- Do you have a game setting that you’d like me to read, and give you my feedback?
- Do you have an idea for an RPG, and you’re not sure you’re hitting the mark?
- Do you simply want a chapter written?
- Are you stuck, and need a pair of fresh eyes to look things over?
- Maybe write an adventure you could give away as a stretch goal on your Kickstarter?
Wednesday, March 20, 2013
Mechanics Come Last
Social media is a strange and powerful tool. In addition to being friends with a lot of industry professionals, I sometimes get friend requests on Facebook from friends of friends. (And that’s a lot times to use “friend” in a sentence, by the way). Usually, they’re fans of my work who have found me through their friends, and they send me a friend request. I generally accept these, figuring that a friend of my friend can’t be all bad. And besides, I don’t have many friends.
Many times, these people want to ask me about what it’s like to work in the hobby games industry, and I’m glad to share war stories. I love this profession, and this industry. And I’ve seen and done some funny stuff. But sometimes, these people want me to look over their own creations. I have a policy against this, because I’ll end up giving away all kinds of free advice. And like the Joker said, “if you’re good at something, you should get paid for it.”
One of these people is my friend, Paul. Paul’s been working on a game for I-don’t-know-how-long, and it shows. I agreed to read the first chapter, and it was a confused mess. I don’t want to tell you about the idea, because it’s his, not mine. So you’ve got to trust me that I quickly got lost when I tried to create a character for his game. That’s bad.
But I love the idea. It’s based on some anime properties that I really enjoy watching.
The problem is that Paul got lost in his own creation. He was so busy trying to create an RPG that he lost sight of the central idea. It would be like setting out to write a children’s book and ending up writing a three-volume epic quest.
One night, it just came to me. The answer. And I started writing. When he looked at what I was doing, Paul was taken aback a bit. But what about this? And how are we going to handle that? I told him a simple truth: He had to begin again. He had to start from scratch, trying to preserve as much of his original work as possible. That meant going back to the beginning.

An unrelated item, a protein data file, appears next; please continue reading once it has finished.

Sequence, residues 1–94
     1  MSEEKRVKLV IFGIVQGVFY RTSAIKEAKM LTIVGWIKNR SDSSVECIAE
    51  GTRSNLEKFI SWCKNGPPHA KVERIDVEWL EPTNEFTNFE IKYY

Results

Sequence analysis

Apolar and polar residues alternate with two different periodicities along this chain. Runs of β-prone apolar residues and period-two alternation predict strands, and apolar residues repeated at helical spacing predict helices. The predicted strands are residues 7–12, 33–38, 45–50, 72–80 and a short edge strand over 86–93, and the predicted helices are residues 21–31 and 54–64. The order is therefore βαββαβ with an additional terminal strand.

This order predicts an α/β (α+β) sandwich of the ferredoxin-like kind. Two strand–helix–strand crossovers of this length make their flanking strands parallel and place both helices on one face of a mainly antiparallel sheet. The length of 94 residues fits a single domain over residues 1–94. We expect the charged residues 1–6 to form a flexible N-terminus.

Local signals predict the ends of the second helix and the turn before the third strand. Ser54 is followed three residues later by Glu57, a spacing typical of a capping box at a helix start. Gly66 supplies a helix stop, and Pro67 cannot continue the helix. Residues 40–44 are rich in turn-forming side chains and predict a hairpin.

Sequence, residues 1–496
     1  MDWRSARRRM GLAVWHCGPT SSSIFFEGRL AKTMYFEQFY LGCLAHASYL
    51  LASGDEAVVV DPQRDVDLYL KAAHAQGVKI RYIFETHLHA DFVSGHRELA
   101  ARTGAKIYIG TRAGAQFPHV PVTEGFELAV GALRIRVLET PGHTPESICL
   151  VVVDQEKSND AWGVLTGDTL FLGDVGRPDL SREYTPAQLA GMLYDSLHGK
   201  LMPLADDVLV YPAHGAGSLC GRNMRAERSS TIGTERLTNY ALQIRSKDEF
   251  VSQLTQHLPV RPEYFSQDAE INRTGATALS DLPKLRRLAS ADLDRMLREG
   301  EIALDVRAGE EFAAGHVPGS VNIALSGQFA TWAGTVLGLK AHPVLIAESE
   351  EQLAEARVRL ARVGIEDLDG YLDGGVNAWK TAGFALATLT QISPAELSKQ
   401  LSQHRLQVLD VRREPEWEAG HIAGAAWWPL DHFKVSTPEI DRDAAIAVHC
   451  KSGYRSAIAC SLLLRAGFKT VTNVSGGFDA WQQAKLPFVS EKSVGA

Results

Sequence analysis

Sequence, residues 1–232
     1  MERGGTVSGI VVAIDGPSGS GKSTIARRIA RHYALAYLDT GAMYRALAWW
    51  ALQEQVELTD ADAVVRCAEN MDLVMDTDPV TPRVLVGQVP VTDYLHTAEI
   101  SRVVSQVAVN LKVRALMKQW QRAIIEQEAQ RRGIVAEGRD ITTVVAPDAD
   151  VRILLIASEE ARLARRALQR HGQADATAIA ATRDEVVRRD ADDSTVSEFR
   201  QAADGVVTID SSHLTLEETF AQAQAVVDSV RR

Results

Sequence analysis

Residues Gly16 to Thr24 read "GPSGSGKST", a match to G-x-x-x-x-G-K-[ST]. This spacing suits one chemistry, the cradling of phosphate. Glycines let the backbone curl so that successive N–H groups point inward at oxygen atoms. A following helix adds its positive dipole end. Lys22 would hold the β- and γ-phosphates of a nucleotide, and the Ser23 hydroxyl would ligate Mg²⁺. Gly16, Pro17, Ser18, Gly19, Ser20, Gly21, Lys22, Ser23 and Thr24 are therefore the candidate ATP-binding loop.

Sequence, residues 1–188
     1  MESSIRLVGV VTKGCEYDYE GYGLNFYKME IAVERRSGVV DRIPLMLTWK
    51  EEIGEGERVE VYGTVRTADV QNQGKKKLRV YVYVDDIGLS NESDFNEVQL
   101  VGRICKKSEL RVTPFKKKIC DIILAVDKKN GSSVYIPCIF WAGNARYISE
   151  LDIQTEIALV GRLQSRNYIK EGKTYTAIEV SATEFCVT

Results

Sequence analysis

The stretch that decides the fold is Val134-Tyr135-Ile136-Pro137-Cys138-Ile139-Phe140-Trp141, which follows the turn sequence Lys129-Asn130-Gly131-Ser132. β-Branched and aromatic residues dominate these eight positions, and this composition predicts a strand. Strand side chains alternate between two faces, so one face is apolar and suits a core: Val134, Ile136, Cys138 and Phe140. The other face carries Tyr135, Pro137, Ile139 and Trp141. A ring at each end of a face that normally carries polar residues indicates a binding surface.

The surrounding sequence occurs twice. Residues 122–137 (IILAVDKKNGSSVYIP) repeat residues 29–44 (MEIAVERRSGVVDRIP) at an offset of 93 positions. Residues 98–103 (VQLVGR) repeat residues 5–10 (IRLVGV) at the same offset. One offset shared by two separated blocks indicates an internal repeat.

What do you play? And what do those characters do?
Things were going along swimmingly. Paul totally loved the new structure to character creation. We began outlining ideas. And that’s when he asked what would become the subject of this blog: What about the system?
Wait, what? System is the last thing you should be thinking about. You can play almost any game using almost any system. You can port D&D over to Metamorphosis Alpha. You can play Call of Cthulhu using the Palladium System. System doesn’t matter. I can write my post-apocalyptic RPG for Pathfinder, Savage Worlds, or the Unisystem. All I’ve got to do is pick. That has nothing to do with “what do I play?” or “what do I do?”
Moreover, if you start with the die-rolling mechanic, you end up making the setting fit the statistics, when it should be the other way around. For example, Call of Cthulhu is a game about the slow (or not so slow) descent into madness as you learn sanity-blasting truths, so it has the Sanity rules. No one said “Hey, we’ve got these great Sanity rules, what we need now is a property to adequately use them.” That’s putting the cart before the horse. The ideas come first, then you worry about mechanics.
In fact, we wrote 80 percent of the Star Trek: The Next Generation RPG with no rules at all. The guy designing the system hadn’t finished yet. But we couldn’t sit around for six months waiting for the guy. So we wrote it with a bunch of holes where the mechanics would go. For example, in character creation, we made a list of skills for each class. What was the skill mechanic? Who cares? We added the numbers later. How much damage do phasers cause? I didn’t know; didn’t stop me from describing phasers. If a rule didn’t fit how we wanted the game to work – if they didn’t model the kind of action dictated by the setting – we changed the rule.
Now Paul is energized. Sent me a list of notes for his game the next day. He’s excited. He’s stripping away all the things that aren’t his original idea, and adding stuff that was missing. It’s a stronger concept. He’s started re-writing his character creation system, and it’s a lot clearer now. He's not worried about die mechanics or skill systems yet. He's just creating his world. The rest comes later.
And that same kind of advice I offered to Paul is what I’m offering to you. You can have me for a full week, for free.
All you have to do is make a contribution to Sara Bakay’s IndieGoGo fundraiser. For a donation of as little as $10, you’re entered into a drawing to receive my services, free of charge, for one week. Imagine having an award-winning game designer working for you for as little as $10. Either click on the embedded link, or her picture at the top of the page.
Thank you for your donation. And good luck!